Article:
A few minutes later, the woman who hit me and I struck up a conversation, because talking to the person who nearly wiped you off the planet is apparently what you do when you dodge dismemberment. She asked where I was from and where I’d been before the crash. I told her a college basketball game in Fairfax.
“Oh, George Mason?” she said.
“I went there.”
No kidding. Now they’re actually trying to kill me.
You did this to me, Mason Nation!!!
But getting the scare of a lifetime courtesy of a drunken Mason alum—oh yes, I haven’t even gotten into that, or how she failed her sobriety test miserably, or how we ran into each other at the junkyard 12 hours later, when we were both claiming items from our wrecked cars—didn’t cement my Mason contempt. That was random, fluky, wild stuff—a good story, especially since all my bones remained intact, but just Tarantino-level weirdness. Honestly, I half-expected the freaky guy at the junkyard to lock the door behind us and bring out the gimp.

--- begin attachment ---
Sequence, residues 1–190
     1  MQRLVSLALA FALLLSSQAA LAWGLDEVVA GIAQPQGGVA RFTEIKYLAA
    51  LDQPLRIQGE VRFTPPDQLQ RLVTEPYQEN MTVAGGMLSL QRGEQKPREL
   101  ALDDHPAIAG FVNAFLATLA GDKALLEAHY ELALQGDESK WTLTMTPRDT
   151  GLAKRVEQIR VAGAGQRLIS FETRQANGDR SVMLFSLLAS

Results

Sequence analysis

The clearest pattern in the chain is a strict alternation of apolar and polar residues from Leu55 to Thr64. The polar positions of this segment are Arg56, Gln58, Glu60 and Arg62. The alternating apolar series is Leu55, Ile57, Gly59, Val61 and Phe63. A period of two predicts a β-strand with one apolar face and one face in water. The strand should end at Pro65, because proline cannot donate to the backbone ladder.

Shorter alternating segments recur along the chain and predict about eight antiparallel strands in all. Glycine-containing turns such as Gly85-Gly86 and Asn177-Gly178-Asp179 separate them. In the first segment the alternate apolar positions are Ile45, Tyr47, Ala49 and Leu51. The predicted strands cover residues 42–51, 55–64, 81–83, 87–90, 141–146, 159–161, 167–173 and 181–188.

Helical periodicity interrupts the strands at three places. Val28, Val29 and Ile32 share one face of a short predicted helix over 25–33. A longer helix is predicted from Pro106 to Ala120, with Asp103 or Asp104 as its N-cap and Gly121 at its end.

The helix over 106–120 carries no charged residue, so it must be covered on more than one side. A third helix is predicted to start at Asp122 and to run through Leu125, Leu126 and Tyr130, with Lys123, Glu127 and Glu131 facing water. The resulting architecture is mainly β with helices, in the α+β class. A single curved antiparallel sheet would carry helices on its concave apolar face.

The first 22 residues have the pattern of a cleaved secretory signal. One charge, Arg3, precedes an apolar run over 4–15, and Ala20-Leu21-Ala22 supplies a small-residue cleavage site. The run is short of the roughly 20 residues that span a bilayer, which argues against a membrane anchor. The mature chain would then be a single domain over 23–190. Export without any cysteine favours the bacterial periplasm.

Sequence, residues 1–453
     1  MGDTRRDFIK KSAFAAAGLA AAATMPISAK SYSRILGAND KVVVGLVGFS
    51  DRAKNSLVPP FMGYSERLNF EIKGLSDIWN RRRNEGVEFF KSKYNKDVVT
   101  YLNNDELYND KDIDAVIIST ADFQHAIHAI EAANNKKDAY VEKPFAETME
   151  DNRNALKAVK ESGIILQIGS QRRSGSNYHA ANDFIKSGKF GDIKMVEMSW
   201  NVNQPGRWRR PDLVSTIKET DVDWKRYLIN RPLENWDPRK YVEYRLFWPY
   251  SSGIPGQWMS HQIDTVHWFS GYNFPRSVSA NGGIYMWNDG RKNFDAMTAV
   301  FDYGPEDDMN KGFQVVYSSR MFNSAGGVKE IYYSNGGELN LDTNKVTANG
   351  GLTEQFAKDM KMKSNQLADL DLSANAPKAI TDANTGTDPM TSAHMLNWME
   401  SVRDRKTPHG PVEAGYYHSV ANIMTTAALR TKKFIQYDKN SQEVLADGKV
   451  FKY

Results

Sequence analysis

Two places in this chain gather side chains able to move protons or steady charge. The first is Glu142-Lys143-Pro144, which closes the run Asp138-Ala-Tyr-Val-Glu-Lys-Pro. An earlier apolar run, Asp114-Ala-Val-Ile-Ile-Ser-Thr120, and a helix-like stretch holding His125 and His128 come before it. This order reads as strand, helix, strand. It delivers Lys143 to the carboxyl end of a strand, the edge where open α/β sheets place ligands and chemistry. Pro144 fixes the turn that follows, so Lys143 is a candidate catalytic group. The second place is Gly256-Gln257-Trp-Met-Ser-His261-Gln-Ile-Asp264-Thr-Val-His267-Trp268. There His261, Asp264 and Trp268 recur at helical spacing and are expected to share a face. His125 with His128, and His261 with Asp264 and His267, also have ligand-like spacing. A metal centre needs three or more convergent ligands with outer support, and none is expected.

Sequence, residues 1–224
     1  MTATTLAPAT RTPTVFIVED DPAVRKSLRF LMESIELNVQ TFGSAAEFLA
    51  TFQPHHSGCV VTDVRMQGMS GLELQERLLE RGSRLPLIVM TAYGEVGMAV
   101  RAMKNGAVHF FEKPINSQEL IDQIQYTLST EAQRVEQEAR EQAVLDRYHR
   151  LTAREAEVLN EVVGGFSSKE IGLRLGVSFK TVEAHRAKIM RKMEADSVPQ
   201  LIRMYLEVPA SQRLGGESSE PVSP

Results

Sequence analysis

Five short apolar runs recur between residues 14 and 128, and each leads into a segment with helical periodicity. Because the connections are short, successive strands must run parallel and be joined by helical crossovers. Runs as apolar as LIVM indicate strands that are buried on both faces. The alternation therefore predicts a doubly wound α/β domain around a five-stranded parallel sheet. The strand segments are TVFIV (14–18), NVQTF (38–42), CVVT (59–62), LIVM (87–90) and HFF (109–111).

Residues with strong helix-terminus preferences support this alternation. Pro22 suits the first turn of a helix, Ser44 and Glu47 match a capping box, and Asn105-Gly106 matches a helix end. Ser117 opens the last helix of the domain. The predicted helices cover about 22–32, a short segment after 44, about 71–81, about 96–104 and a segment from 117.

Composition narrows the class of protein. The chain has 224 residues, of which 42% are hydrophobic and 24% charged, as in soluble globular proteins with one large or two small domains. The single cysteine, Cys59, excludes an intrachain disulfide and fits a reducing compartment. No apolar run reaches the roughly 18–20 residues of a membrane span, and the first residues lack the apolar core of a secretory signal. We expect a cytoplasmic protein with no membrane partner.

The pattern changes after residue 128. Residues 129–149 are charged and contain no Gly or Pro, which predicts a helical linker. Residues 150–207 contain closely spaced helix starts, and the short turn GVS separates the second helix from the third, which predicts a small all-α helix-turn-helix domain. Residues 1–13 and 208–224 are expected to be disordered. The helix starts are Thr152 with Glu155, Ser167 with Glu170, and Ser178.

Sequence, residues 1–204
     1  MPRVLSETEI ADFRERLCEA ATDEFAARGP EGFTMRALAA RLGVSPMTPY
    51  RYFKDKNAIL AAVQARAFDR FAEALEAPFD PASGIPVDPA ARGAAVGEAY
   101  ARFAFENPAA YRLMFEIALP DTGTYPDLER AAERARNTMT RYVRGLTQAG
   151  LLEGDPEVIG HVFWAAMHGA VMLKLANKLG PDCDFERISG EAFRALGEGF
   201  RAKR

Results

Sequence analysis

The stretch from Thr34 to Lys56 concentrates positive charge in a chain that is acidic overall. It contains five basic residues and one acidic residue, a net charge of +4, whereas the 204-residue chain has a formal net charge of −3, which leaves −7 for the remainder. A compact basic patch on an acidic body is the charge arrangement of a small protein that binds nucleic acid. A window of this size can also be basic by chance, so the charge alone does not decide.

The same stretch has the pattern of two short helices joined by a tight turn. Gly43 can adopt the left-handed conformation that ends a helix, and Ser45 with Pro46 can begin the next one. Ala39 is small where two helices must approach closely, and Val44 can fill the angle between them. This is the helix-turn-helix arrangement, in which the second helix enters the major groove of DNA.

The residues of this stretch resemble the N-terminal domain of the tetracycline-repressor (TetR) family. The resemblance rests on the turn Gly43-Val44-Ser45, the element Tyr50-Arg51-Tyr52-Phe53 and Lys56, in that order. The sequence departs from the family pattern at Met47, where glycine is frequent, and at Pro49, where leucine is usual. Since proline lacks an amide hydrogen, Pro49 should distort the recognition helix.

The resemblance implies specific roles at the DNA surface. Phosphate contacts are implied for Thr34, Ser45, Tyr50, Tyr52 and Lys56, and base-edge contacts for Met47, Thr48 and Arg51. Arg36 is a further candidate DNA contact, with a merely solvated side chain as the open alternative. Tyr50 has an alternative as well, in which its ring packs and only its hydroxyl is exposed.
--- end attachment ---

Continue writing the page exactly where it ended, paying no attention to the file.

It took another 15 days for the seeds of hate to be sowed at the Arena. I drove into Hempstead that night already in a bad mood. The Dutchmen were spiraling downward, Mason was red-hot—I knew it was going to be a lousy night long before the opening tap. And it sucked almost as bad as, umm, getting into a car accident south of Baltimore: Mason won, 90-72, and you can see what pissed me off here.
Thanks to the Twitters and the #CAA feed on the CAAZone, I was already loathed in Mason Nation before I posted that, and once it went up, the response was swift and predictable. It had been a long time since I’d been called such names. I'd never been so scorned for my employability, or lack thereof. And I didn’t realize last January that having someone start a fake Twitter on your “behalf” was so oddly honorific.